Criminal law concerns the system of legal rules that define what conduct is classified as a crime and how the government may prosecute individuals that commit crimes. Federal, state, and local governments all have penal codes that explain the specific crimes that they prohibit and the punishments that criminals may face. Individuals who violate federal, state, and local laws may face fines, probation, or incarceration. Lawsuits against criminals are initiated by prosecuting attorneys who act on behalf of the government to enforce the law. A crime is any act or omission of an act in violation of a law forbidding or commanding it. Most crimes are defined by statute, and they vary tremendously across different states and counties.
Prosecution of Crimes
Unless a crime is a strict liability crime (meaning that no particular mental state is required), statutes typically break crimes down into two elements: an act and a mental state such as knowingly or recklessly. In order to be convicted of a crime, a prosecutor must show that the defendant has met both of these elements. For example, larceny is the taking of the property of another with the intent to deprive them of it permanently. Thus, the defendant must have committed the act of taking the property and have done so with the mental intention to take the property of another (as opposed to believing that the property belonged to him). It is not enough for a prosecutor to suggest that the defendant committed a crime. Rather, the prosecutor is required to prove each and every element of a crime “beyond a reasonable doubt” in order for a defendant to be convicted. Police officers, prosecutors, and other government officials must also follow certain procedures in pursuing criminal activity. This is because all citizens have certain constitutional rights that the government must respect and protect. If these rights are not respected, it may prevent a prosecutor from obtaining a conviction in a case.

Criminal Lawyer

When you need a Criminal Attorney, please call Ascent Law for your free consultation (801) 676-5506. We want to help you.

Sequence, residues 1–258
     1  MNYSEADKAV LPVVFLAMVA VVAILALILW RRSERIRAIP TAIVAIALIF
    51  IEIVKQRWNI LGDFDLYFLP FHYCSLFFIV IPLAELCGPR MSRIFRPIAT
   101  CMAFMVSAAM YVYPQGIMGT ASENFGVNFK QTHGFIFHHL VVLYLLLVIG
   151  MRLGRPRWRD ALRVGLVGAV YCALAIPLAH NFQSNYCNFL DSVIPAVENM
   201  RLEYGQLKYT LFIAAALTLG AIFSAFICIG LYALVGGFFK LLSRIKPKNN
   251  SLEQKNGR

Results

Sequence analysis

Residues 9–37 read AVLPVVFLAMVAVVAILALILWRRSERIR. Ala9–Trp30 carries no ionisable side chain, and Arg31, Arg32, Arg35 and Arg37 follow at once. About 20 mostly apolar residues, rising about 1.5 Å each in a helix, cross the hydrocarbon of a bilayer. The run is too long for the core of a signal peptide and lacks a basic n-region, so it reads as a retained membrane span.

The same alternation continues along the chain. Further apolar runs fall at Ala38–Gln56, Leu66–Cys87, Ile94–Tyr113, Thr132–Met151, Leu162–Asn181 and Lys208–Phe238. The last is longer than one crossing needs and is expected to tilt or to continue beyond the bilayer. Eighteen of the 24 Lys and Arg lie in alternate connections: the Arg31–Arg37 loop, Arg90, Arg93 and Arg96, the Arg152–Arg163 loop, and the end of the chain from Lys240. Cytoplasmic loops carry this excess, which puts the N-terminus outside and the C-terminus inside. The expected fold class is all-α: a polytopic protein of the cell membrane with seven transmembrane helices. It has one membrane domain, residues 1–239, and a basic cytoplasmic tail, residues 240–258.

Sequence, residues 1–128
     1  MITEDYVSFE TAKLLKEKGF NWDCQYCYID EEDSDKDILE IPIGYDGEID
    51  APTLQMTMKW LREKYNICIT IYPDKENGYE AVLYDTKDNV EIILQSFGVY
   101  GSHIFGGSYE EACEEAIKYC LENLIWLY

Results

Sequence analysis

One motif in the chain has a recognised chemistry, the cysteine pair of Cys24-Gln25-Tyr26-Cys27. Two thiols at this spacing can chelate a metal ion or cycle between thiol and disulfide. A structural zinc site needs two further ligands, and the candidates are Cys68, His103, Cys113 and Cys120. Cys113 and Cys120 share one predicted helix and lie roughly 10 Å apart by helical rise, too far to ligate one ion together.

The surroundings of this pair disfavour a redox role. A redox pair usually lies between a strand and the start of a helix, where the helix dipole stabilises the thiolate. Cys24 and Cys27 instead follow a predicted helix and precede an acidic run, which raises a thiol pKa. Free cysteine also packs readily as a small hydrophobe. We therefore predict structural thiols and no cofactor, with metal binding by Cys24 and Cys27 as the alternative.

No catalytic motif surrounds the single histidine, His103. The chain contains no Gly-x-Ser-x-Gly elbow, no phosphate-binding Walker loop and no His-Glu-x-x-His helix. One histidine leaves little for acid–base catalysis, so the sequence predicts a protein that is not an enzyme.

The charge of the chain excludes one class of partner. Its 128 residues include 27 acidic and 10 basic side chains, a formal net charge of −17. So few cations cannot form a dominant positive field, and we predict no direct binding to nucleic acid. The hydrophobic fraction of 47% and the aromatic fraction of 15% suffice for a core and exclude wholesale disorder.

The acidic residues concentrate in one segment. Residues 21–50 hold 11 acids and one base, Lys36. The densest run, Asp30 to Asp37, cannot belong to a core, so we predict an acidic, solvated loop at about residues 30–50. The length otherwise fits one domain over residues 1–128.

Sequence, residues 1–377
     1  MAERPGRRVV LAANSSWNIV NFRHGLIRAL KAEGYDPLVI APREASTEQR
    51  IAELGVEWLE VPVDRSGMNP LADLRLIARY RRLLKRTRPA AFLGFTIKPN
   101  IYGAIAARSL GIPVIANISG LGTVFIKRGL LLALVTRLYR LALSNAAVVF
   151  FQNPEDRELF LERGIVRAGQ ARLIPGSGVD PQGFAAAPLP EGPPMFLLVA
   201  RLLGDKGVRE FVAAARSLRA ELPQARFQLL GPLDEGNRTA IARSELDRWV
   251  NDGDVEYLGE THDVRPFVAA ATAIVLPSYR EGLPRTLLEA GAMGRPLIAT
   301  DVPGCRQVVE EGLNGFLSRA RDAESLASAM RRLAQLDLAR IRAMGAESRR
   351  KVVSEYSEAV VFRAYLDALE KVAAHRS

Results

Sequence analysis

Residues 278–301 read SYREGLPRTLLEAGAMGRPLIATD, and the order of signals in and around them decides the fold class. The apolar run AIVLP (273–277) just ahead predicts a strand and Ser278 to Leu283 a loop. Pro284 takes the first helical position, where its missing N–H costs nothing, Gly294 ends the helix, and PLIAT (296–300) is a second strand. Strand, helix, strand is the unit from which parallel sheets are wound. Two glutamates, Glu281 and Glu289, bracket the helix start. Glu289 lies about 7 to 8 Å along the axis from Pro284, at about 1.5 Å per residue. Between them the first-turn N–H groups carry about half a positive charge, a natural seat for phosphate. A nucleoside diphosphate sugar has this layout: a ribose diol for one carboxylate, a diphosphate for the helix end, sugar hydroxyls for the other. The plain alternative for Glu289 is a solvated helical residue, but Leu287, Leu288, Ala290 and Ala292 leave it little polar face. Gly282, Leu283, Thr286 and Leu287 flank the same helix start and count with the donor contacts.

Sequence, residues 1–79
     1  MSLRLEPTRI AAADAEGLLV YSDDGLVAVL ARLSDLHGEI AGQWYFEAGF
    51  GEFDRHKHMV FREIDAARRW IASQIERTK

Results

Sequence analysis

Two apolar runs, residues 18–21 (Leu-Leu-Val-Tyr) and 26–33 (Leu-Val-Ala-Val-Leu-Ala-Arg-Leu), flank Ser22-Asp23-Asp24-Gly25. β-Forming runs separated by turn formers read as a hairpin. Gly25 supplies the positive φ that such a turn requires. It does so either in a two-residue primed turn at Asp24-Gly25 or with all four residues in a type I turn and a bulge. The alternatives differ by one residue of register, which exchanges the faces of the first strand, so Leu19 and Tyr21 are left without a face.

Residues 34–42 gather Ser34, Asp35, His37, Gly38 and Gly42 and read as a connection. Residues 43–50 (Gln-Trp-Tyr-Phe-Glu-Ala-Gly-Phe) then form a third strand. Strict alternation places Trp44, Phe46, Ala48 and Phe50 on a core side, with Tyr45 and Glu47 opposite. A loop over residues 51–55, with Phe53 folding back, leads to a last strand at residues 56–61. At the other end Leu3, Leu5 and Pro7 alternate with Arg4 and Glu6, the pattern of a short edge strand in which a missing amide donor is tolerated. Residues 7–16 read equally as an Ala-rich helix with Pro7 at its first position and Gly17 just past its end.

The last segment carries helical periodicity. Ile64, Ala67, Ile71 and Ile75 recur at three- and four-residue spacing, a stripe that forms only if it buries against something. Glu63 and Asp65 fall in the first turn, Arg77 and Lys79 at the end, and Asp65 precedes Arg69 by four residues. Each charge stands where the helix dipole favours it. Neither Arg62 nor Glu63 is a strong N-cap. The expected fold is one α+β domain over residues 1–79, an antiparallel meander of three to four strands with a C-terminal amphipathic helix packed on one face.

Michael R. Anderson, JD

Ascent Law LLC
8833 S. Redwood Road, Suite C
West Jordan, Utah
84088 United States

Telephone: (801) 676-5506

Ascent Law LLC

4.9 stars – based on 67 reviews


Recent Posts

Why Should You Get Divorced?

Utah Probate Code Disclaimer

How To Obtain An FFL License

Mortgage Servicing Rules And Foreclosure

Cannabis Law Policy And Expungement

Can You File A Hardship On A Garnishment?

Ascent Law St. George Utah Office

Ascent Law Ogden Utah Office

Utah Criminal Code 76-5-201

Utah Criminal Code 76-5-201

Utah Criminal Code 76-5-201: Criminal Homicide–Elements–Designations Of Offenses–Exceptions

1. Except as provided in Subsections (3) and (4), a person commits criminal homicide if the person intentionally, knowingly, recklessly, with criminal negligence, or acting with a mental state otherwise specified in the statute defining the offense, causes the death of another human being, including an unborn child at any stage of its development.  There shall be no cause of action for criminal homicide for the death of an unborn child caused by an abortion, as defined in (b) Section 76-7-301.
2. Criminal homicide is aggravated murder, murder, manslaughter, child abuse homicide, homicide by assault, negligent homicide, or automobile homicide.
3. A person is not guilty of criminal homicide of an unborn child if the sole reason for the death of the unborn child is that the person:
a) refused to consent to:
i. medical treatment;  or
ii. a cesarean section;  or (
b) failed to follow medical advice.
4. A woman is not guilty of criminal homicide of her own unborn child if the death of her unborn child:
a) is caused by a criminally negligent act or reckless act of the woman;  and
b) is not caused by an intentional or knowing act of the woman.